Your individual investments can typically be summed up in two words: "risk" and "reward." The general rule of thumb is the greater the potential reward, the greater the risk. But that rule doesn't always hold true in reverse order -- greater risk doesn't necessarily translate into greater potential reward. Sometimes greater risk is just greater risk with little potential reward. Risk isn't a bad thing. But you need to understand what kind of risks you are willing to take with your investment dollars, and how to reduce unacceptable levels of risk.
Determine your tolerance to different kinds of risk. Every investment involves some level of risk. Understanding the type of risk, or the combination of types of risk, is essential in reducing those risks. Two factors that can help you determine your risk tolerance are your net worthe and your risk capital. Your net worth is your assets minus your liabilities. Your risk capital is money that, if you lose on an investment, won't impact your lifestyle. If you have a high net worth and substantial risk capital, you can afford to have a higher risk tolerance. If your net worth is little or nothing, and you don't have much risk capital, you probably will be better off with conservative, low-risk investments.Step 2
Do your own due diligence. In a nutshell, that means research your investments before you make them. Check out the investment's history, earnings growth, management team and debt load. Compare the results with other similar investment products as well as to other assets in your investment portfolio. One metric you should keep an eye on is a stock's price-to-earnings ratio, or P/E ratio. It measures the relationship between a company's stock price and its annual after-tax earnings. A company with a significantly higher P/E ratio than other comparable companies in the same industry typically involves a higher risk. You can reduce your investment risk by weeding out stocks with high P/E ratios, unstable management and inconsistent earnings and sales growth.Step 3
Diversify your investment portfolio across investment product types and economic sectors. Diversification reduces your overall risk by spreading it over a variety of products. For example, you might consider putting 25 percent of your investment money into XYZ stock, 25 percent into an FDIC-insured certificate of deposit, 25 percent into U.S. Treasury bonds and 25 percent into real estate. If XYZ takes off, you'll make a profit, but your profit potential is reduced because only a portion of your money is invested in the stock. If XYZ tanks, your loss is also limited, because 75 percent of your money is invested in other products.Step 4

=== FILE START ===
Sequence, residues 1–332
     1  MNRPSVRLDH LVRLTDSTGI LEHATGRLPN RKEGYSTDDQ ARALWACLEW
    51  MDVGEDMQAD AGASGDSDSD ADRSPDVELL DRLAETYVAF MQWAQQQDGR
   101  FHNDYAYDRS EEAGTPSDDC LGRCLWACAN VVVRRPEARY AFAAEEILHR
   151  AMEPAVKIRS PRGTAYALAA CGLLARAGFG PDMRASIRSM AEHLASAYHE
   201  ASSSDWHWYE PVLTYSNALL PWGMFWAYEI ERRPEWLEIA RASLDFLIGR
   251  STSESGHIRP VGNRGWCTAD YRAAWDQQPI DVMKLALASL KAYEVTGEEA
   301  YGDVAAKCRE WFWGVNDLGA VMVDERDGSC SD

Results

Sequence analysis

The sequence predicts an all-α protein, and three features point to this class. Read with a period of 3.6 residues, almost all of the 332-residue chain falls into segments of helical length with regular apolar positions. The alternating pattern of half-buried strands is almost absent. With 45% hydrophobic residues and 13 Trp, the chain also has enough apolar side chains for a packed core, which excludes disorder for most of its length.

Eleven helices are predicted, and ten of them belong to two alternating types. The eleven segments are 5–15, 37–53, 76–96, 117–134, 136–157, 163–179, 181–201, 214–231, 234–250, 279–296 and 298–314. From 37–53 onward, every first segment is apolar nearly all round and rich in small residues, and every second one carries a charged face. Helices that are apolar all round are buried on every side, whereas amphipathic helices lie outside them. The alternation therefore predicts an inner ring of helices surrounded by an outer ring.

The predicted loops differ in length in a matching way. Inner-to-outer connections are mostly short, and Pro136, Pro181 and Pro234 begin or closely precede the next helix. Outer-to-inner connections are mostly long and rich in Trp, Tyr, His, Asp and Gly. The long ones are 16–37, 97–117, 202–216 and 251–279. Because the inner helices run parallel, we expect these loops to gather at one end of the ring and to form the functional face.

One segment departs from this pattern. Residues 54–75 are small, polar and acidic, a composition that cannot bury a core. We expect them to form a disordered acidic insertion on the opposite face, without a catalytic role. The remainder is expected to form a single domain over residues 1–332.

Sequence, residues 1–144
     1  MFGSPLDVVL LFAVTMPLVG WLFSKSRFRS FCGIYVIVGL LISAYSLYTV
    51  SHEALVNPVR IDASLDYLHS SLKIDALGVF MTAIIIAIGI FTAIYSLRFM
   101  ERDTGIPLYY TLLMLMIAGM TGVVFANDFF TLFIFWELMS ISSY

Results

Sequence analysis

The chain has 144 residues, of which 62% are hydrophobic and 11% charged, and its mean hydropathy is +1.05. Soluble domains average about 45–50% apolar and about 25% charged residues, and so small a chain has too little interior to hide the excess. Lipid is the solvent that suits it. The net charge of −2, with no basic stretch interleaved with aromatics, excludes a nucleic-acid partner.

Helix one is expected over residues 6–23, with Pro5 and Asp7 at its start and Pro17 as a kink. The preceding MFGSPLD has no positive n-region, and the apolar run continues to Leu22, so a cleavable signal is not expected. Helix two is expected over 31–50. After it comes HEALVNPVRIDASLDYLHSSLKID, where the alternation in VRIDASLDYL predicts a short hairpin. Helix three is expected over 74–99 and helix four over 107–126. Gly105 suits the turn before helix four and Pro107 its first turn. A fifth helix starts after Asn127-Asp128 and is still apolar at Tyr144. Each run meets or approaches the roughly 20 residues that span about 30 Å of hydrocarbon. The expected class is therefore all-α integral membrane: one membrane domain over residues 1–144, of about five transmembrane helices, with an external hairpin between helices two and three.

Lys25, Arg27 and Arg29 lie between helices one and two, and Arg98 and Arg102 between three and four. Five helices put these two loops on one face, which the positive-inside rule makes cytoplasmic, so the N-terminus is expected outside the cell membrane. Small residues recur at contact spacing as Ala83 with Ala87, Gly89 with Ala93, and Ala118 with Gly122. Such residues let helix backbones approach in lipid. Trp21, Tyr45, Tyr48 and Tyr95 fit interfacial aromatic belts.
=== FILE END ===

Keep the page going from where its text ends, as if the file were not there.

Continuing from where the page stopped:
Monitor your investments regularly and reallocate your resources as necessary. The proper allocation of your investments depends on such factors as your age, how long you have to invest and your investment temperament. For example, a conservative investor might have 40 percent of his portfolio in intermediate-term bonds, 25 percent in large cap stocks, 10 percent in short-term bonds, 10 percent in mid-cap stocks, 10 percent in small cap stocks and 5 percent in international stocks, according to the American Association of Individual Investors. Once a year you should evaluate your holdings and buy or sell assets as necessary to bring your portfolio back to proper asset allocation.Step 5
Take advantage of investment products guaranteed by the federal government. For example, the Federal Deposit Insurance Corporation insures your deposits at member banks, including certificates of deposit and money market accounts, up to $250,000 as of 2012. The National Credit Union Administration provides the same insurance for similar deposits at federal credit unions. U.S. Treasury securities, including U.S. savings bonds, are not insured by any federal agency, but they are backed by the full faith and credit of the United States government. While there are still market risks and early withdrawal penalties if you have to access your money prior to maturity, the principal and interest of these investments are as safe as you can get when held to maturity.
Mike Parker is a full-time writer, publisher and independent businessman. His background includes a career as an investments broker with such NYSE member firms as Edward Jones & Company, AG Edwards & Sons and Dean Witter. He helped launch DiscoverCard as one of the company's first merchant sales reps.